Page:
Injection of mice with polyclonal goat anti-mouse IgD antibody (G alpha M delta) stimulates a potent T cell-dependent immune response characterized by large increases in serum IgG1 and IgE concentrations and by the generation of substantial numbers of membrane (m)IgG1+ B cells. The onset of this response occurs 6 days after G alpha M delta injection and peaks by day 7 to 8. Utilizing two color fluorescence analysis and cell sorting we demonstrate that most mIgG1-expressing B cells lack mIgM during the period of onset of Ig isotype switching (day 6). Both IgG1 and IgE are produced predominantly by mIgM- cells. On day 6, IgG1 and IgE are secreted predominantly by cells expressing mIgG1 and mIgE, respectively. By day 8, a majority of the IgG1 secretion occurs among the mIgG1- cells but virtually all IgE secretion continues to come from the mIgE+ population. B cells that strongly express mIgG1 secrete little IgM or IgE. Freshly harvested B cells expressing mIgG1, 6 days after G alpha M delta injection, have undergone substantial deletion of CH mu-specific DNA in contrast to their mIgG1- counterparts. Hence, the great majority of B cells that switch to the IgG1 or IgE isotypes in vivo rapidly lose their expression of IgM.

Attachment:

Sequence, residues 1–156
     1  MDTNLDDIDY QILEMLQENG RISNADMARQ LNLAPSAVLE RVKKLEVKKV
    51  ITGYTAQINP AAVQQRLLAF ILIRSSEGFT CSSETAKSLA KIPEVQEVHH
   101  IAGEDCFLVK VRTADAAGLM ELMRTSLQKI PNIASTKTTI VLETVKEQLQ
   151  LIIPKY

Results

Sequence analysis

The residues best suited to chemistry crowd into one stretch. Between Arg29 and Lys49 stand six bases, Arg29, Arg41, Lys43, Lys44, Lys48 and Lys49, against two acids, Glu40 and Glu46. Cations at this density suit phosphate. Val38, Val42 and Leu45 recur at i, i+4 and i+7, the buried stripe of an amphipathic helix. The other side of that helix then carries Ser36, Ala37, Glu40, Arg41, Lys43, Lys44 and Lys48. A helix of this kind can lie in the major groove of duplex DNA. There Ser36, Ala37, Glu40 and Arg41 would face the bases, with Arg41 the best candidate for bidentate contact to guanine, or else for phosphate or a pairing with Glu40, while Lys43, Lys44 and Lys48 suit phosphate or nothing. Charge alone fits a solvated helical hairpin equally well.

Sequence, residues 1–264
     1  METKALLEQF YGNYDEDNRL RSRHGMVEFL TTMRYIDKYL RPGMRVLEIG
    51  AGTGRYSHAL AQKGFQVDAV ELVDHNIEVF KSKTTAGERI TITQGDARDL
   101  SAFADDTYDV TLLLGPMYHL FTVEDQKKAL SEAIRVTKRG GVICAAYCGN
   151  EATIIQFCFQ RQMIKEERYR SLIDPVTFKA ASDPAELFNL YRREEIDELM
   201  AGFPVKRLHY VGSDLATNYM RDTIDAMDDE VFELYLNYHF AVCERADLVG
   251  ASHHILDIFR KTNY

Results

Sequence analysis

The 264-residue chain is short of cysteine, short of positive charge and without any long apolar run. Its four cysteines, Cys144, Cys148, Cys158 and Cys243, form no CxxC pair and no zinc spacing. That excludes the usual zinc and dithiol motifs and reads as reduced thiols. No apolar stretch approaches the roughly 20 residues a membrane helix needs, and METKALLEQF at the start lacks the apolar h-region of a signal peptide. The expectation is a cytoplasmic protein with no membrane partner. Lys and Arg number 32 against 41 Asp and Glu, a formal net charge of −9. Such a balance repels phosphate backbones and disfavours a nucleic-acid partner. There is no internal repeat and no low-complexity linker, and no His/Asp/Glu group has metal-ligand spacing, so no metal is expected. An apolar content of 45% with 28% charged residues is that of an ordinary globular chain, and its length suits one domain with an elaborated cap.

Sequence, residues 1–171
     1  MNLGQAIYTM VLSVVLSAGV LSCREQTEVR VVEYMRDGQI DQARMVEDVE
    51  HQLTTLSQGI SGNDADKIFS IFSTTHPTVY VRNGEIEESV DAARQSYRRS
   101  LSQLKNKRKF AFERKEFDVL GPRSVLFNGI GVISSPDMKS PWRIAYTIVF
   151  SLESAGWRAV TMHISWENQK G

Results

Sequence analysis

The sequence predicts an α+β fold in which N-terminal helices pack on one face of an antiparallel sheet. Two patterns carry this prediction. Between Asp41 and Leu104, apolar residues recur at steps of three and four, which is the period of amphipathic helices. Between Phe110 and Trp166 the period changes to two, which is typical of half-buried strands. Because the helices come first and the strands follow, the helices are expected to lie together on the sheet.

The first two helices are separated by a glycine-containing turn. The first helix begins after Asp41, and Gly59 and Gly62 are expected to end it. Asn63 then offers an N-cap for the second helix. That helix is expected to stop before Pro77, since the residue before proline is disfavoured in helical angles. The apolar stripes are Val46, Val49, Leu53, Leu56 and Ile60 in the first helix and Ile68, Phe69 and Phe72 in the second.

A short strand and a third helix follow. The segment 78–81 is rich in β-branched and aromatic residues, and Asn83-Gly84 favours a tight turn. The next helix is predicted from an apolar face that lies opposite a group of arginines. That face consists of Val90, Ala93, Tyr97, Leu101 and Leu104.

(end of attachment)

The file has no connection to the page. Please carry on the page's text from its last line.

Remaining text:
This content is only available via PDF.
You do not currently have access to this content.